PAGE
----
Megan:

It certainly can’t hurt. Another thing, I’m just going to add that to my list, Bethany. Thanks for adding to my schedule for the month. Just kidding. Totally kidding. This is actually really great information. I’m just digging into it too and trying to figure out where to start. How much do I really need to do right now? Do I let some of this play out as the court cases evolve? I guess for me, it’s really easy to do those couple of changes that you mentioned in the beginning of our conversation about link colors, contrast that is easy. Going forward, adding alt texts to my Instagram photos, that’s easy. So I guess we do have a good place to start with all of that. Then just the rest of it that seems more involved. We can just kind of see what happens and go from there. But you’ve given us some really great places to start.

Bethany:

I mean I would not necessarily go with, see what happens because I mean, regardless, this is stuff that’s going to make your website better to all users. It’s going to make it more accessible to people with disabilities. There’s maybe a few things that seem a little more like… I was talking about some with the video, the transcription linking to this specific part of the video. I mean, some of that I think, but the majority of what we’ve talked about now is just going to be good user experience type things that you need to do. I think once you get into it, it feels overwhelming. We’re just listing off things. But when you get into it, it’s not going to be as bad as it seems. So download my guide and just make a plan and just start working through those. You can set a date if you want, to meet certain guidelines and say, I will make sure my website meets these guidelines by this date or whatever. I’ve heard some people talk about it. I’ve heard it suggested a couple of places actually, where you can make a statement, an accessibility statement and put that up on your website that says, we’re working on this. Here’s my goals. Here’s the timeline that I’m working towards making my site meet, although with WCAG standards by December 2021 or whatever.

Megan:

Yeah, that’s smart. I like that. Giving people kind of a timeframe, so they know you’re working on it.

Bethany:

It helps you stick to it. Because a lot of this stuff is not, it takes some time to think through and make a plan for, and maybe learn a little bit about, but once you get it in your rhythm, it’s not going to be things that you really think much of.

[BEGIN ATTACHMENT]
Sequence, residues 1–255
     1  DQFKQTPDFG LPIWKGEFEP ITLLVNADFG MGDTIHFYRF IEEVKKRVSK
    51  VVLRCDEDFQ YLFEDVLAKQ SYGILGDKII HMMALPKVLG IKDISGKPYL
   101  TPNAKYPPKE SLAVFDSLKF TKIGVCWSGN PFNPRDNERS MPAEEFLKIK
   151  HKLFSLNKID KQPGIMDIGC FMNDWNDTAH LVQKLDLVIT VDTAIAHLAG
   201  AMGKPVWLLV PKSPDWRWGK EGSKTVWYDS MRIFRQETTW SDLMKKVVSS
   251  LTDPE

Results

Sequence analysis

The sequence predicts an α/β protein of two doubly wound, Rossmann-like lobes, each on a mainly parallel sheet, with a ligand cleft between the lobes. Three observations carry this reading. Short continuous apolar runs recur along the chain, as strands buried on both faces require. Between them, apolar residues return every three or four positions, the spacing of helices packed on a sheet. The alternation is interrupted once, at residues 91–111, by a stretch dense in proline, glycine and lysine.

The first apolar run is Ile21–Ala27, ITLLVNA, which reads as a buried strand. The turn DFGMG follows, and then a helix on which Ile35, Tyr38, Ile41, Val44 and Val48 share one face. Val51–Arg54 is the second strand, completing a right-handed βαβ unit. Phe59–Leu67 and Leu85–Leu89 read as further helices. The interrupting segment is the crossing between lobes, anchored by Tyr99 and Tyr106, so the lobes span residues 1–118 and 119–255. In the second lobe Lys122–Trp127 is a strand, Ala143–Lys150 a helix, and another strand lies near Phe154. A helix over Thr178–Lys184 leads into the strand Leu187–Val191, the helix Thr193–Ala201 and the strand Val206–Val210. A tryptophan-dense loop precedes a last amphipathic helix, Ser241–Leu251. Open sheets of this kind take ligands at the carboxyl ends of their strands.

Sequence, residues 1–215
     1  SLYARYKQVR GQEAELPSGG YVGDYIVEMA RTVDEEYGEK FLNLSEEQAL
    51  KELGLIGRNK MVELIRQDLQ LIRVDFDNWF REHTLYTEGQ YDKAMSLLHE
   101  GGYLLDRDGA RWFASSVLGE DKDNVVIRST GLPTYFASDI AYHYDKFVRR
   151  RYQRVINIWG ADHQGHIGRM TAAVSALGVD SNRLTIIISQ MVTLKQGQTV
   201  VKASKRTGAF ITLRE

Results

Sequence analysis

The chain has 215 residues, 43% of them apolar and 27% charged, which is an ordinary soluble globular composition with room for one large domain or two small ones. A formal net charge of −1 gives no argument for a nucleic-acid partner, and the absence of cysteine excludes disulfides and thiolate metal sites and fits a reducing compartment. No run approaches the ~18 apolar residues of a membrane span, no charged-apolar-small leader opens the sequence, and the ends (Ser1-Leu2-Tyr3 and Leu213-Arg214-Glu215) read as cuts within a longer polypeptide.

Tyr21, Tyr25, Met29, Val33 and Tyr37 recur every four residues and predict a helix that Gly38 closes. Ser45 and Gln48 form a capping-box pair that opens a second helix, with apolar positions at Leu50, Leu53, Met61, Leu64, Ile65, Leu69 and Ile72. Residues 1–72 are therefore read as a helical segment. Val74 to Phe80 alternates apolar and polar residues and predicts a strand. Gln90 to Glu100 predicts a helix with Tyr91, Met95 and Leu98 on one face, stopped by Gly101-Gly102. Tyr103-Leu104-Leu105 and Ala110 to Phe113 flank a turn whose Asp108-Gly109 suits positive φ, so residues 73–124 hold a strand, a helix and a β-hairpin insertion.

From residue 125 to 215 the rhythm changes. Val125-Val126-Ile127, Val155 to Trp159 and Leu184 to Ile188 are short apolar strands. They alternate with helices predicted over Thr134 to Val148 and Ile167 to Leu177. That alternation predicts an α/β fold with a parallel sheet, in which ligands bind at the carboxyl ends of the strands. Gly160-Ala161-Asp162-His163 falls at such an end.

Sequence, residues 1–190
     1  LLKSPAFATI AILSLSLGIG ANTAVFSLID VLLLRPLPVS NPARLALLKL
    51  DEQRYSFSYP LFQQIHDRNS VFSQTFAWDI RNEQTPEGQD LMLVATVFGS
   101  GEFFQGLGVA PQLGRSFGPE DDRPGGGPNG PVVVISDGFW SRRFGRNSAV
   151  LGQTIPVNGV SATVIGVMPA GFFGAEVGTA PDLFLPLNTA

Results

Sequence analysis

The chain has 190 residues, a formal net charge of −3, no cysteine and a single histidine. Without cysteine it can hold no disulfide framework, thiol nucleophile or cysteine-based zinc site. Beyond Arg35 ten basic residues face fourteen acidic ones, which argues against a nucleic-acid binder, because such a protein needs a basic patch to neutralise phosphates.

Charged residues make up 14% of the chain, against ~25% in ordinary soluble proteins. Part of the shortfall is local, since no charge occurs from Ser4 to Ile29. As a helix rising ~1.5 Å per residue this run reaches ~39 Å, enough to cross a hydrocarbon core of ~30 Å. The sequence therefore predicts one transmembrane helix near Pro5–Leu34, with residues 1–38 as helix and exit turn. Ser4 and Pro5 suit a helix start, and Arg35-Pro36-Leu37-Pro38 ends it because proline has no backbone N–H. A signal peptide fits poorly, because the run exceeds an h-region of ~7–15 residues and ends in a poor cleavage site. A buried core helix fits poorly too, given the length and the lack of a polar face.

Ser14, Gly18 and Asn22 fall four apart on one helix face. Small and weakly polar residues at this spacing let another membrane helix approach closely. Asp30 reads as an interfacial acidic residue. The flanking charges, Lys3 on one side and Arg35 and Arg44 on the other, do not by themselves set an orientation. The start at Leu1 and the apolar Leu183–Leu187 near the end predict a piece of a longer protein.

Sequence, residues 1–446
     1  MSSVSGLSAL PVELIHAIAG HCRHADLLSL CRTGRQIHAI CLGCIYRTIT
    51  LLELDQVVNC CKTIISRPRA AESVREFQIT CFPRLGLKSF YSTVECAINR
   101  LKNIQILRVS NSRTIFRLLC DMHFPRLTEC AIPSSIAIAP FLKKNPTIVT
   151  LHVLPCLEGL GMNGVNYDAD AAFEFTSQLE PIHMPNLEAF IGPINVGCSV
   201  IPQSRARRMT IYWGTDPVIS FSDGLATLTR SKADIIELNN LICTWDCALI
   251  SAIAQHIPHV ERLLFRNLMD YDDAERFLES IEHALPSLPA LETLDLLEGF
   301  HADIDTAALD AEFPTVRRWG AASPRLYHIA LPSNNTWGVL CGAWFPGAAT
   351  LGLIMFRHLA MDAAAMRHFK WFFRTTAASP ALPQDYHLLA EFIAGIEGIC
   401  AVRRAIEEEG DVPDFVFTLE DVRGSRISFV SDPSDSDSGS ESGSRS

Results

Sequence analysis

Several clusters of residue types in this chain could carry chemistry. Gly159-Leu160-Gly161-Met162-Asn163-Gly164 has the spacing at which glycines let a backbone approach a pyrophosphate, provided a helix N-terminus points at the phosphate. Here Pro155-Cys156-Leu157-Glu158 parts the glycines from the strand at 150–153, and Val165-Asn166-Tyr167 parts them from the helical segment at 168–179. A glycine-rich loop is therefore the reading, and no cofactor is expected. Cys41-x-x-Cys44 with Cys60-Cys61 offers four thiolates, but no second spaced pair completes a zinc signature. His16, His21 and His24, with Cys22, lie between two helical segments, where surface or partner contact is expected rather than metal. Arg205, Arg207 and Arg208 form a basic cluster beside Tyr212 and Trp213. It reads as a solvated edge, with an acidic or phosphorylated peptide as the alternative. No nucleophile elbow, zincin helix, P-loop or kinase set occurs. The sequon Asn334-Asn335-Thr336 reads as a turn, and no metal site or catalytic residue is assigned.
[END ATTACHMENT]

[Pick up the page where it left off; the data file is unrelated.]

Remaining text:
Megan:

That’s kind of what I was saying before. There are things you can do that are very easy and that you can add to your process. But I am sorry, Bethany. I am not gonna go through all of my existing videos and write. I think it’s a great idea. I do. I get it. And I get how that will improve people’s experiences with our content. But I just like feasibly, I am not going to do that right now. I mean, if someone tells me, yes, you have to do it, then I will go through and write. This is a plate of nachos being removed from a counter. Oh my gosh.

Bethany:

One thing to think about, what can you do going forward as opposed to fixing everything that’s there already. So maybe you kind of decided, Hey, like those are never going to get fixed unless.

Megan:

Exactly. Yeah. I like that.

Bethany:

But going forward, and maybe not tomorrow you’re going to start doing it, but you’re going to make a goal by the end of September, this is going to be something that I figure out how to do or whatever. Then going forward, you have that. The same with alt texts, some people have not been doing alt texts on their website and that’s something we’ll link to too. There’s a plugin from Nerd Press that will help you figure out where you’re missing alt texts and it makes it easier to go in and fix those in the past. Which can be quite a lot of work. I highly suggest going back. That’s one thing I think you should, if you haven’t been doing it to go back and fix. But at least try to start doing these things going forward. It’s way too overwhelming to try to think, I’m gonna have to go back and fix all 10 years of content. At least first step, I’m gonna work on this going forward.

Megan:

I like that. I can handle that. That I can process.

Bethany:

The stuff you’ve already done. It’s like, oh my gosh. Especially if you start thinking about social media and all of that.

Megan:

I can’t even go there. My brain will shut down.

Bethany:

I think for things you’ve already given up, alt text is probably the most important one.

Megan:

So if anything, if we comb through anything that we’ve already created and published, alt texts is the thing that we should focus on.

Bethany:

Yeah. I mean, if you’re a huge video person or some of it is based on what you’ve done a lot with. Most, if you’re like a YouTuber, you put captions on your YouTube channel anyway. So some of that is going to be taken care of by where you’re uploading it and things like that too.

Megan: